PROPOSALS to tax junk food as well as raise the current tax on sweetened beverages are not feasible, a senior legislator said.
“On a junk food tax, I don’t see a way of implementing it,” Albay Rep. Jose Maria Clemente S. Salceda said during a forum organized by the Philippine Stock Exchange, Inc. in Taguig City on Wednesday.
Mr. Salceda, who also chairs the House Committee on Ways and Means, called the proposal on the junk food tax is “not enforceable.”
“We have enough studies on it. We dove into it and we found out that we cannot do it. This junk food (tax) should be junked because it is not enforceable,” Mr. Salceda told reporters when asked for additional comment.
“How do we implement it in the factory? By (inventory) removals? At retail? At point of sale? The cost of enforcement is much higher than the revenue increments,” he added.
Mr. Salceda also said that the proposed higher taxes on sweetened beverages will not help reduce obesity.
“The sugary drinks tax would produce more malnutrition (while not) reducing obesity,” Mr. Salceda said.
“In simple language, we now have the highest tax on sugar in the world at P6. Mexico’s is the equivalent of P3. Their obesity (rate) was 76%, and reduced to 67%. The Philippines’ obesity (rate) is 22% … we don’t have an obesity problem,” he added.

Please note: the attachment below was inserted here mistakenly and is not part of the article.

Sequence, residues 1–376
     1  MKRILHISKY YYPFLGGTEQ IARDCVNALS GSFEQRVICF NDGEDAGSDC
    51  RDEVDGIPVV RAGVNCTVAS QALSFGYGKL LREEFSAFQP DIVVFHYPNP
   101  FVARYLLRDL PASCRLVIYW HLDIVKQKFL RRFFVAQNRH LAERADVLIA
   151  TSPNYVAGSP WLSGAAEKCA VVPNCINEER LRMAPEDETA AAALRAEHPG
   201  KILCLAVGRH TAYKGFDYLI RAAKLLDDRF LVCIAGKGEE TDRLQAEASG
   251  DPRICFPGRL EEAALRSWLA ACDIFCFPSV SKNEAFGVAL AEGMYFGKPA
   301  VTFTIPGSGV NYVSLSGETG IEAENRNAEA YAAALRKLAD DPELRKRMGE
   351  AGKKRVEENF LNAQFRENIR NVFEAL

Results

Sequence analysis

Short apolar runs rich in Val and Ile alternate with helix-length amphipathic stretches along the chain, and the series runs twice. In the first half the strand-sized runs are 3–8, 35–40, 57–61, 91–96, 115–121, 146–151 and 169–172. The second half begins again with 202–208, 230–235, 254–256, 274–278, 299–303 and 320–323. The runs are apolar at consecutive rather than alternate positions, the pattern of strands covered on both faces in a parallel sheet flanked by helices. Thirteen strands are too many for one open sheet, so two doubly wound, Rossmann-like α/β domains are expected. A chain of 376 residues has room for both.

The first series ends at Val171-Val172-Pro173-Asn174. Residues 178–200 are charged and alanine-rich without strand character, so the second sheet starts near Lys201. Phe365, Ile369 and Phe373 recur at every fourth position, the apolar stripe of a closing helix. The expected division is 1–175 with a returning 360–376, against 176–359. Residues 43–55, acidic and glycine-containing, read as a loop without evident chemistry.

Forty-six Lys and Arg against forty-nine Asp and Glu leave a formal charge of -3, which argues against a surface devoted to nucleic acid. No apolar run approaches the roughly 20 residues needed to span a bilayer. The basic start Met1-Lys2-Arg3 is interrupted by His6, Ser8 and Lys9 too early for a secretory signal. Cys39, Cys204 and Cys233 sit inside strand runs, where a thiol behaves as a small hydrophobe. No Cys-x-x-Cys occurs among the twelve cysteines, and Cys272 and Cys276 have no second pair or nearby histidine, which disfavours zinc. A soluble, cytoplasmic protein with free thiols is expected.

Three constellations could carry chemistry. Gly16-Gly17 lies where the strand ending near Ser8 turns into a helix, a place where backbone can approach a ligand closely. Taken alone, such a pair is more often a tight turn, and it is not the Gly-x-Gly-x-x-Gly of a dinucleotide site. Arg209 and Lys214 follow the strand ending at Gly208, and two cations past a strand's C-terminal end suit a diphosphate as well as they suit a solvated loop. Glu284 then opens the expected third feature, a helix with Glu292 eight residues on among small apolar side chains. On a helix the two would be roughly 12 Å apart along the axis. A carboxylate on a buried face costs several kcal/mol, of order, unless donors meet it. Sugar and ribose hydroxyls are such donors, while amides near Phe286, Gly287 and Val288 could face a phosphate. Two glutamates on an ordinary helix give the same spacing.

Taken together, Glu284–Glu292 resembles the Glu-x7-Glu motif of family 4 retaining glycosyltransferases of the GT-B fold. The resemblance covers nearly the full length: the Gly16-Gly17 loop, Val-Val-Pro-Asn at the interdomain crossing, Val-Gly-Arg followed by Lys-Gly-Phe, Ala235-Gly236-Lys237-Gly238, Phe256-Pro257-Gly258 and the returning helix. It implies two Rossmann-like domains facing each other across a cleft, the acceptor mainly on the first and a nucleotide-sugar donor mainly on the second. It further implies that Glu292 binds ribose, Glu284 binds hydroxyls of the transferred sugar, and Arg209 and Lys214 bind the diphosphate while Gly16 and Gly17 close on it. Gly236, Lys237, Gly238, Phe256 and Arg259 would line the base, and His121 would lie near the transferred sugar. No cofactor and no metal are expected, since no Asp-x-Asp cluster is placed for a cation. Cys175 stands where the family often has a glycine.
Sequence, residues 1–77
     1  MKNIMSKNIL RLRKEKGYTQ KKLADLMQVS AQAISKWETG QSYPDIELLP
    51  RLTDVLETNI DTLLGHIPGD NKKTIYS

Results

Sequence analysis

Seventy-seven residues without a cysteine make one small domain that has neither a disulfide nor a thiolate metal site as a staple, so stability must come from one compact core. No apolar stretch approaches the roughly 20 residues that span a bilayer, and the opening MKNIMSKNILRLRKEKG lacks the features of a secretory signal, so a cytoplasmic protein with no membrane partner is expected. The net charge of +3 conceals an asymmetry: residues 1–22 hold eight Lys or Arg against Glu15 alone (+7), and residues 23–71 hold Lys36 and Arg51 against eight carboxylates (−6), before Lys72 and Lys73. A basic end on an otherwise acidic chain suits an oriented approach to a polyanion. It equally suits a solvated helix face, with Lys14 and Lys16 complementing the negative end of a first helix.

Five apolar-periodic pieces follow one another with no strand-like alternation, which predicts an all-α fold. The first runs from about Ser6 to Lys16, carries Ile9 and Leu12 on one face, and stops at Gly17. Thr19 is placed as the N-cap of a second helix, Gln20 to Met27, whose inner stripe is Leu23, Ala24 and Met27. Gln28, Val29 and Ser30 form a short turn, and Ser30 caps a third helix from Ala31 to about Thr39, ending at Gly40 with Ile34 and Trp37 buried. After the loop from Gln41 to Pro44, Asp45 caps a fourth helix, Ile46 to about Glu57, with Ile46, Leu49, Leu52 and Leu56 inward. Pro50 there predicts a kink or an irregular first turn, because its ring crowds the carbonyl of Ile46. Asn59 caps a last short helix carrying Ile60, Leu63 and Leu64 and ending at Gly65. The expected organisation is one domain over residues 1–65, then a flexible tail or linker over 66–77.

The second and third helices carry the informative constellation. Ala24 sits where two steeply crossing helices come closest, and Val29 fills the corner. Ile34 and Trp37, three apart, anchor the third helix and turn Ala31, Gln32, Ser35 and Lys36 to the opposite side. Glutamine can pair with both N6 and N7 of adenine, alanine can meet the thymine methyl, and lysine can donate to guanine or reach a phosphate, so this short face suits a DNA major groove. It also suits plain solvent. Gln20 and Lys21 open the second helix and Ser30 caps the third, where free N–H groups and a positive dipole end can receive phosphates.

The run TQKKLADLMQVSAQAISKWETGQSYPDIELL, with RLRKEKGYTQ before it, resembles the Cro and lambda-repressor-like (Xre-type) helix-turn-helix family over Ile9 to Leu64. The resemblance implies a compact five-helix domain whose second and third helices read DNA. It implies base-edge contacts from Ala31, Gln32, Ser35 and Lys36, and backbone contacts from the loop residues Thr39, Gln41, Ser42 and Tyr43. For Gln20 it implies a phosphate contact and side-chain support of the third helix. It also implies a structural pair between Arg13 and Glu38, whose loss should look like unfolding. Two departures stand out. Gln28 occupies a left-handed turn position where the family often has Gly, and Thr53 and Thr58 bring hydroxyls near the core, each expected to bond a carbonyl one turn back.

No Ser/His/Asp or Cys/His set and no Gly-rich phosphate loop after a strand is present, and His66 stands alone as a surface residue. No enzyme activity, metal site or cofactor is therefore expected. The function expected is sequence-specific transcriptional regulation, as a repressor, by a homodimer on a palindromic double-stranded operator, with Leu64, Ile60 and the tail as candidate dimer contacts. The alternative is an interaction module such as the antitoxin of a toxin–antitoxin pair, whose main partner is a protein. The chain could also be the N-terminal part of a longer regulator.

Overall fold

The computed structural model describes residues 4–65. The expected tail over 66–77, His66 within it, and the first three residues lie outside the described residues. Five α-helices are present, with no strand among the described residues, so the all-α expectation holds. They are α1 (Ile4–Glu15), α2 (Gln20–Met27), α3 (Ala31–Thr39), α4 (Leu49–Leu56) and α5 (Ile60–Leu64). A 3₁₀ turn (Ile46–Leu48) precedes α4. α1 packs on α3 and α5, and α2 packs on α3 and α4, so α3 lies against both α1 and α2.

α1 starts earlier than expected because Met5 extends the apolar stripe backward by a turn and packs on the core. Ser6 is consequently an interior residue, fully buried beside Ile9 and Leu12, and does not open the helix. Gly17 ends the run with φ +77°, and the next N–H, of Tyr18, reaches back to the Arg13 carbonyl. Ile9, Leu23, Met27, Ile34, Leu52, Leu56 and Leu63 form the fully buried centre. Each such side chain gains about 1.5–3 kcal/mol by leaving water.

Mr. Salceda said he has yet to receive a copy of the tax proposal from the Department of Finance (DoF).
“The (DoF) did not even give me a copy of their proposal. I should’ve filed it already,” Mr. Salceda said.
“My question first is the enforceability, second is the fundamental soundness. What are you trying to cure? Where is the link?” he added.
The DoF in June proposed to impose a tax on junk food and increase the tax on sweetened beverages, citing high obesity rates. It estimated that the combined measures could generate P76 billion worth of revenue in the first year of implementation.
The proposal calls for a P10 tax per 100 grams or a P10 tax per 100 milliliters on packaged foods that lack nutritional value and go beyond the Department of Health’s specified thresholds for fat, salt, and sugar content. These products include confectioneries, snacks, desserts, and frozen products.
The proposal also seeks a sweetened beverage tax of P12 per liter for any kind of sweetener, from the current P6 per liter.
Finance Secretary Benjamin E. Diokno said last week that he does not expect the junk food tax proposal to pass this year since it has no sponsor at the Senate and the House of Representatives. — Revin Mikhael D. Ochave